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Like many of my classmates, I was not completely sure what to expect from this experience. Never having been to opera before (or at least not one that I was old enough to appreciate), I felt there was just as much a chance that I would hate it as that I would love it. Mark’s talk was very interesting, and I think gave me a good idea of what to expect, but it did make me worry that, because I don’t really have a very trained ear for music, I would have a hard time really appreciating the opera. However, this turned out to not be the case at all. While actually at the opera, I found myself really caring about the plot and its strangely endearing (if utterly ridiculous, and occasionally morally disgusting) characters. It was good to know that even though it was a little harder for me to notice the more subtle changes in the music of the performance, I was still able to appreciate it on some level. The only thing I had a hard time with was understanding the difference made by a lack of microphone. Perhaps the problem is that I had never realized that that particular sound was the result of a performer singing without a microphone. With this knowledge, however, I was more impressed even than I usually am by the ability of these singers to project.

However, terrible as it may sound, the opera was not even my favorite part of the evening (though to be fair, that is saying a lot, as I greatly enjoyed Cosi Fan Tutte). Rather, the most exciting thing for me was just the opportunity to see a great opera at Lincoln Center. This was another one of those wonderful moments, much like our afternoon at the Woolworth Building, where I realized, and more fully appreciated, the fact that I am going to college in New York City, and am having a very different, and in my opinion far more rich, experience than that of my friends from home. This performance, more than any other our class has attended, truly made me appreciate just what this seminar has given me, and what both Macaulay and Hunter in general will give me in the next few years. It was, in short, a fantastic way to end a semester.

Marcin Roncancio.

I have always disliked expressionism. The style never really appealed to me, so imagine my trepidation at something I thought could only be far worse– Abstract Expressionism, oh the horror! Despite this, I knew the value of seeing a gallery alongside of an enthusiastic and knowledgeable guide, and Ms. Goldberg, who gave the talk did not disappoint.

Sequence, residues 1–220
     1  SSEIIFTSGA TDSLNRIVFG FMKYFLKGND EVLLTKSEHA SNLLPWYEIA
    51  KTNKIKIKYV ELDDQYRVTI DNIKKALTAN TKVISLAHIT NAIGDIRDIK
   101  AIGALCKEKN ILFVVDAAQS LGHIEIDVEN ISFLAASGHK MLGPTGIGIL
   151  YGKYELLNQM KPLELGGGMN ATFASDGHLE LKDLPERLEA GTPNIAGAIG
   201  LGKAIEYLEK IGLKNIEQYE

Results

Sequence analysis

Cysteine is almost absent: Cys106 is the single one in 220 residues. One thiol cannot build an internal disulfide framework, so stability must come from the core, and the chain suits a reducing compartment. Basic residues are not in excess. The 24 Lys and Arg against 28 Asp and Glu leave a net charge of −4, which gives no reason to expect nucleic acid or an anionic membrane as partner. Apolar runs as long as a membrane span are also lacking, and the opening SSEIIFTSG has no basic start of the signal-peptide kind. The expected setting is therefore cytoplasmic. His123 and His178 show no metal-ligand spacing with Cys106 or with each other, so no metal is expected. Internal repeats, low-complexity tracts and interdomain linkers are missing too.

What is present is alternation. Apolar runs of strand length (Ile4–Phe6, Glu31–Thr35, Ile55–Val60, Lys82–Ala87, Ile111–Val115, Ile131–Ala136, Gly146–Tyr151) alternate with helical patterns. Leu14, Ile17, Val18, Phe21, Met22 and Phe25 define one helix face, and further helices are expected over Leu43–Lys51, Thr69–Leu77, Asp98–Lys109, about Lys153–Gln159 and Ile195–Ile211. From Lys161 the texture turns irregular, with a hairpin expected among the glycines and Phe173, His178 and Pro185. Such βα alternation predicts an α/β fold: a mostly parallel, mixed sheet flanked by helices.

The gallery was flooded with works by Pollock, which I will admit, even with my interest at its height, I could not bring myself to truly appreciate. What interested me most in association to his work, was the term “action painting,” and the particular way it was explained to me: it describes art, such as Pollock’s, in which the process of creating was just as important and full of meaning–if not more so–than the final product. To me, it describes art for the artist, not for the viewer or the patron. Art that is cathartic and full of feeling, if not any particular meaning.

Speaking about painting full of feeling, full of emotion, I find it impossible not to squeeze in mention of Rothko, by far my favorite artist in the gallery, and perhaps the saving grace of abstract expressionism in my personal taste. His large broad canvases with bold streaks of color somehow spoke to me. I understood the use of color, and appreciated the layering and amount of work put into these paintings. I also thought it fascinating to see how matured as an artist and developed his own trademark.

Finally I’d like to mention how incredibly interesting I found the connections between the various artists influenced their works. From what I gathered, the scope of the art world during this period, and within the particular movement was quite small. It seemed as though all of the artists knew each other, and in constructing what we now call “abstract expressionism” they worked off of each other’s ideas, and provided each other with great inspiration. The influences of individual artists can be seen in the works of others, through use of color (the black and white room), structure (biomorphism, cubism), technique (dripping, “action painting”, zips), and materials (use of masking tape, plaster, oil and enamel paints).

(I apologize for the late post.)

The Chelsea Galleries were fun.  Not all of the galleries appealed to my taste, but there were a few that stood out among the rest.  Such exhibits that intereseted me were the Chinese calligraphy/squiggly line exhibit from Bryce Martin and “New Material” by Kim Doland. I also feel that I would have enjoyed Nicky Nodjoumi if I had seen it earlier in our tour.

The squiggly line exhibit fascinated me.  I didn’t know I could find emotion in such a seemingly senseless collection.   At first glance I didn’t know what to think of the gallery.  I couldn’t see where any of the paintings required the skill and artistic outlook that it takes to have one’s art recognized.  I also couldn’t understand how these pictures were inspired by Chinese calligraphy; they all just seemed like bunches of multicolored yarn on worn-out canvas.  But after further observation I began to recognize the insight of the artist.  I began to find meaning, or at least a personal meaning, in the layering, colors, and borders.  Brightly colored lines were meant to stand out from the more bland colors of the other lines and the canvas.  Each line was drawn under the second line but above the third line.  I saw juxtaposition in the colors, and the layering represented an unending battle between brightness and darkness.  When considering the exhibit as a whole, the paintings each represented emotions, from anger to jealousy to happiness.  Different feelings were represented by different colors, and the squiggles and layers implied complexity in each emotion. I left the emotion with a different opinion from the one I walked in with.